CogPoe: Figure and Ground

Attention is the basic currency of discourse. It is the oxygen to any form of communication.

It’s maybe most striking that this hadn’t occurred to me until reading the first chapter of Peter Stockwell’s Cognitive Poetics: An Introduction, but it seems very obvious in retrospect (always-already in action). A writer’s zeroth job is to maintain the reader’s attention. Without attention, you have no interaction with the reader at all.

(A corollary is that attention may be lost at any moment, so it must be continually renewed. If it doesn’t come naturally to the writer, she needs to consciously engineer that through-line of attention.)

The idea of embodied cognition suggests that abstract attention would derive from a more concrete, sensory dimension. To wit, Stockwell pretty much transplants the cogsci theory of selective attention directly onto the visual field.

So let’s explore the cognitive understanding of attention within the visual field. So crucial that it has lent its name to the first chapter of Stockwell’s text, as well as to this post, is the concept of figure and groundGround, as in background, would be the flat, undifferentiated picture of the visual field – nothing given particular prominence over anything else, all remaining as data ready to be used if it comes into play.

The figure, in contrast, is a prominent feature of the visual field, something that draws the spotlight of attention against so much boring ground. Stockwell lists a number of characteristics that grant a feature prominence:

  • Being well-defined and clearly separate from the ground;
  • Movement with relation to a static ground;
  • Preceding the ground in time and space;
  • More detailed, better focused, brighter, or otherwise more attractive than the ground;
  • In front of, above, on top of or larger than the ground;
  • It may be a feature of the ground that emerges as a figure of prominence.

So what is the figure in the abstract literary imagination? Character is the first and most obvious element that Stockwell cites. Characters are well-defined (partly by their name), move against the static ground, and move to new ground, thus preceding it in time and space. They are generally given special attention in description, and are thus more detailed, and are generally granted agency in narration.

All sorts of other things can be figure, though. Objects, of course, like the suitcase in Pulp Fiction or the eponymous statuette in The Maltese Falcon. Or whenever people say that “the city is really another character” in a particular work, this means that the setting was given enough prominence to emerge as a figure (think Woody Allen’s obsessive preoccupation with New York and his more recent attempts to do the same with Paris, Rome and Barcelona). We could also toss in themes and motifs into the category of figure, like love in Love Actually, confusion in Chinatown or doubt in Doubt. Alternatively, it could be events that are variations on a theme, like sexual come-ons in Eyes Wide Shut, monster fights in Pacific Rim and artistic attempts to recreate a vision in Close Encounters of the Third Kind (repetition, it occurs to me, will probably emerge as a hugely important element in creating figures). I suspect that an exhaustive list of possible would be impossible, and if one were drawn up, some writer would create a figure out of something unlisted, just out of spite.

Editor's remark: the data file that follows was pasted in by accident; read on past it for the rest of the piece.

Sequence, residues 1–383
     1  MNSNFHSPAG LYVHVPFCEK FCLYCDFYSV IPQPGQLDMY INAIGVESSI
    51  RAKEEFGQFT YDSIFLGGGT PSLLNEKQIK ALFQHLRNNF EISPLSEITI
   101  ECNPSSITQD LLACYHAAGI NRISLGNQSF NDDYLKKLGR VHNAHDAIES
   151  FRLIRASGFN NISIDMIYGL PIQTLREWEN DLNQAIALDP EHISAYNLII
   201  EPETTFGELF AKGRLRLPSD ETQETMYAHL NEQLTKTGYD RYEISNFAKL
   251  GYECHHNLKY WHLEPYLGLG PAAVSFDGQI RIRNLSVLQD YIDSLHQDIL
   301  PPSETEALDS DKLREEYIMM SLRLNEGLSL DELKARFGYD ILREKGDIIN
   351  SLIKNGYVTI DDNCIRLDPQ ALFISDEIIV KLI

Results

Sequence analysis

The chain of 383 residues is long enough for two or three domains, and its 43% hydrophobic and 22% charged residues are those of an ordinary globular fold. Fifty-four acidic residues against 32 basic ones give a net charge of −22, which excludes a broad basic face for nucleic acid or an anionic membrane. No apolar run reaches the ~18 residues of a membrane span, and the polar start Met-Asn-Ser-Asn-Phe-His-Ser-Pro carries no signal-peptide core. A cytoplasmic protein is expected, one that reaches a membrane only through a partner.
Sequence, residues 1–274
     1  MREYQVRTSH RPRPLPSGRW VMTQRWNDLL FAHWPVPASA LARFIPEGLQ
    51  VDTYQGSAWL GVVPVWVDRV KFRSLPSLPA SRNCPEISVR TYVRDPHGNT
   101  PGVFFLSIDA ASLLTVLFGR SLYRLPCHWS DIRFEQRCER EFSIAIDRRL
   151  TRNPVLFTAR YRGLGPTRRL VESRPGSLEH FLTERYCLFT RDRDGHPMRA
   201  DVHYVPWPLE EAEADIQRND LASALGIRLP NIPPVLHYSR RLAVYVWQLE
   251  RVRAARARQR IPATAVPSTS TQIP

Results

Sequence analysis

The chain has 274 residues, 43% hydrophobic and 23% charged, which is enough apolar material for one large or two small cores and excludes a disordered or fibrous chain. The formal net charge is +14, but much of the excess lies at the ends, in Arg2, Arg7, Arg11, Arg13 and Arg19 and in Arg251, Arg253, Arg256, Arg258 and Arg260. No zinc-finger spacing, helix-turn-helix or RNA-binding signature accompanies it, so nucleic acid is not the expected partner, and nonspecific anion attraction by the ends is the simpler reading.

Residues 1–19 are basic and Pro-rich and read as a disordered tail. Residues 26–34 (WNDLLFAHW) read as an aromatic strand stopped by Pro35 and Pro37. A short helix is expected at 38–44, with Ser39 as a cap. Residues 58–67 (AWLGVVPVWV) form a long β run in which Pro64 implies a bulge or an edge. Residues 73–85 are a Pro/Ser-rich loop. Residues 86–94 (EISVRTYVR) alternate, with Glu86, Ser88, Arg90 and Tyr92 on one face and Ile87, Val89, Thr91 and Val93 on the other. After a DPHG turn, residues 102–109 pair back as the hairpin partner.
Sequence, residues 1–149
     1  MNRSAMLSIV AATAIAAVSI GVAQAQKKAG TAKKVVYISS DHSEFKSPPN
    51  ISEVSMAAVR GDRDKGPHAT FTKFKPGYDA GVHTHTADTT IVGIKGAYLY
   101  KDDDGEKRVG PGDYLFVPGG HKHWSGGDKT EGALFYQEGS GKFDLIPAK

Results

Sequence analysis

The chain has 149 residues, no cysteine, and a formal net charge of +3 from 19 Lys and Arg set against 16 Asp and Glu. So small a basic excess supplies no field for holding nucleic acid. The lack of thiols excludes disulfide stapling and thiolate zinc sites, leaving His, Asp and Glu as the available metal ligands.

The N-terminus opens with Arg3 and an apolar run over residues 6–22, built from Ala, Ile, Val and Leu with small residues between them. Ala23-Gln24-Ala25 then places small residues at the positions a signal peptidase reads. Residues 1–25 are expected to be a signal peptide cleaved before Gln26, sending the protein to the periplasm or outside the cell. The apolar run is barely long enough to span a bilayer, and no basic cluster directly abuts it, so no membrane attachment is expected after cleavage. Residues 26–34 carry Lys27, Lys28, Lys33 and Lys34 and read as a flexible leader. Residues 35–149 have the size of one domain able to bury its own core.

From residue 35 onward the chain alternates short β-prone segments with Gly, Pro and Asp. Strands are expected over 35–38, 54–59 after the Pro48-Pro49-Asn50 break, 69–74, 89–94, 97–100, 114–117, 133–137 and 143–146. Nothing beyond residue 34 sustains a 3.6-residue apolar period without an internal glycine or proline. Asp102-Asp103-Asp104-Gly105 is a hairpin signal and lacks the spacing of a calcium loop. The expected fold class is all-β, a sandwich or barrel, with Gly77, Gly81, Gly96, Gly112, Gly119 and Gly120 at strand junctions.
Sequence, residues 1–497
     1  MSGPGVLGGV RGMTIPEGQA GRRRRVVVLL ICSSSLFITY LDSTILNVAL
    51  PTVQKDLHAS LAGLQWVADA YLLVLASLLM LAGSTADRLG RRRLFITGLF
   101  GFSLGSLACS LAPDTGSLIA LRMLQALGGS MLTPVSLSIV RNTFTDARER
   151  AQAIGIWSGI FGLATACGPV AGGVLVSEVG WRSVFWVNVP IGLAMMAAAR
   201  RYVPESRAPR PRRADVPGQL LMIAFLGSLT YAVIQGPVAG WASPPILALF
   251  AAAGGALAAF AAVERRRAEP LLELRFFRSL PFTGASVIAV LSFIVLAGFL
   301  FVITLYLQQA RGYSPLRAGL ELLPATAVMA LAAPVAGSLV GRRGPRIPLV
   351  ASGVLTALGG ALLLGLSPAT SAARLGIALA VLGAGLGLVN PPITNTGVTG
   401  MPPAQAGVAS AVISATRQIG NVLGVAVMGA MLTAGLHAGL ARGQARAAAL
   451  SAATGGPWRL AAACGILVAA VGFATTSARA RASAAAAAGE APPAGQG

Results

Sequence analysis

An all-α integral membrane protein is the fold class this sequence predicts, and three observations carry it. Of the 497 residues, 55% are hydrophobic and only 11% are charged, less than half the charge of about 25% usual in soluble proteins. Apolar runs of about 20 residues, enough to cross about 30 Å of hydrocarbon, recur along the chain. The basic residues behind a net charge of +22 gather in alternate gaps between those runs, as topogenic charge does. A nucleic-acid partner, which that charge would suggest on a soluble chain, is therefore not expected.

Stockwell draws particular attention to stylistic elements as figure. He specifically mentions movie musical set-pieces (which I would generalize to all set-pieces) and the narration in Gatsby and Lolita. A few illustrative examples of stylistic elements we can add to this list to try to wrestle some coherence from the sheer variety of elements: colors in Wuxia films (like Hero), Tarantino’s genre allusions, the abstracted setting of Dogville, Alex’s mangled English in Everything is Illuminated, the naturalistic dialogue of Primer.

Lest this become a pale reinvention of close reading, let’s turn to the particular applications of the figure-ground distinction in understanding, and of course, in writing.

As someone who hasn’t always known what to make of stylistic elements – I’ve long had a good grasp on what they are, I just have trouble understanding what they are for – this was an enlightening paradigm shift. A notable stylistic element is simply one that is prominent enough to become a thing.

So what advice can we glean from this?

As a younger and more naive writer, I thought that the key to successful writing was ALL! INTENSITY! ALL! THE! TIME! But what we learn from works that try to do this is that intensity tends to normalize. If everything is intense, the intensity turns into background (think explosions in the Transformers movies, death in Game of Thrones, misery in Precious and sex in Nymphomaniac (this last being purposeful and thus more successful in this particular dimension)). You need background against which the figure will stand out.

This means you need to make choices about what to include and, importantly, what to leave out. Authorial restraint seems, then, to be exactly this quality of leaving out elements which by themselves might be interesting, but which will upset the figure-background balance in some way.

So the take-home is this: pick your figures carefully. Analogous to the visual artist’s attention to negative space, pay attention to and design elements that do not draw the reader’s intense attention.

This topic bears plenty of further exploration, including more examination about how to do this in practice. So tune in to the next installment of the series, which I’m calling Movement.

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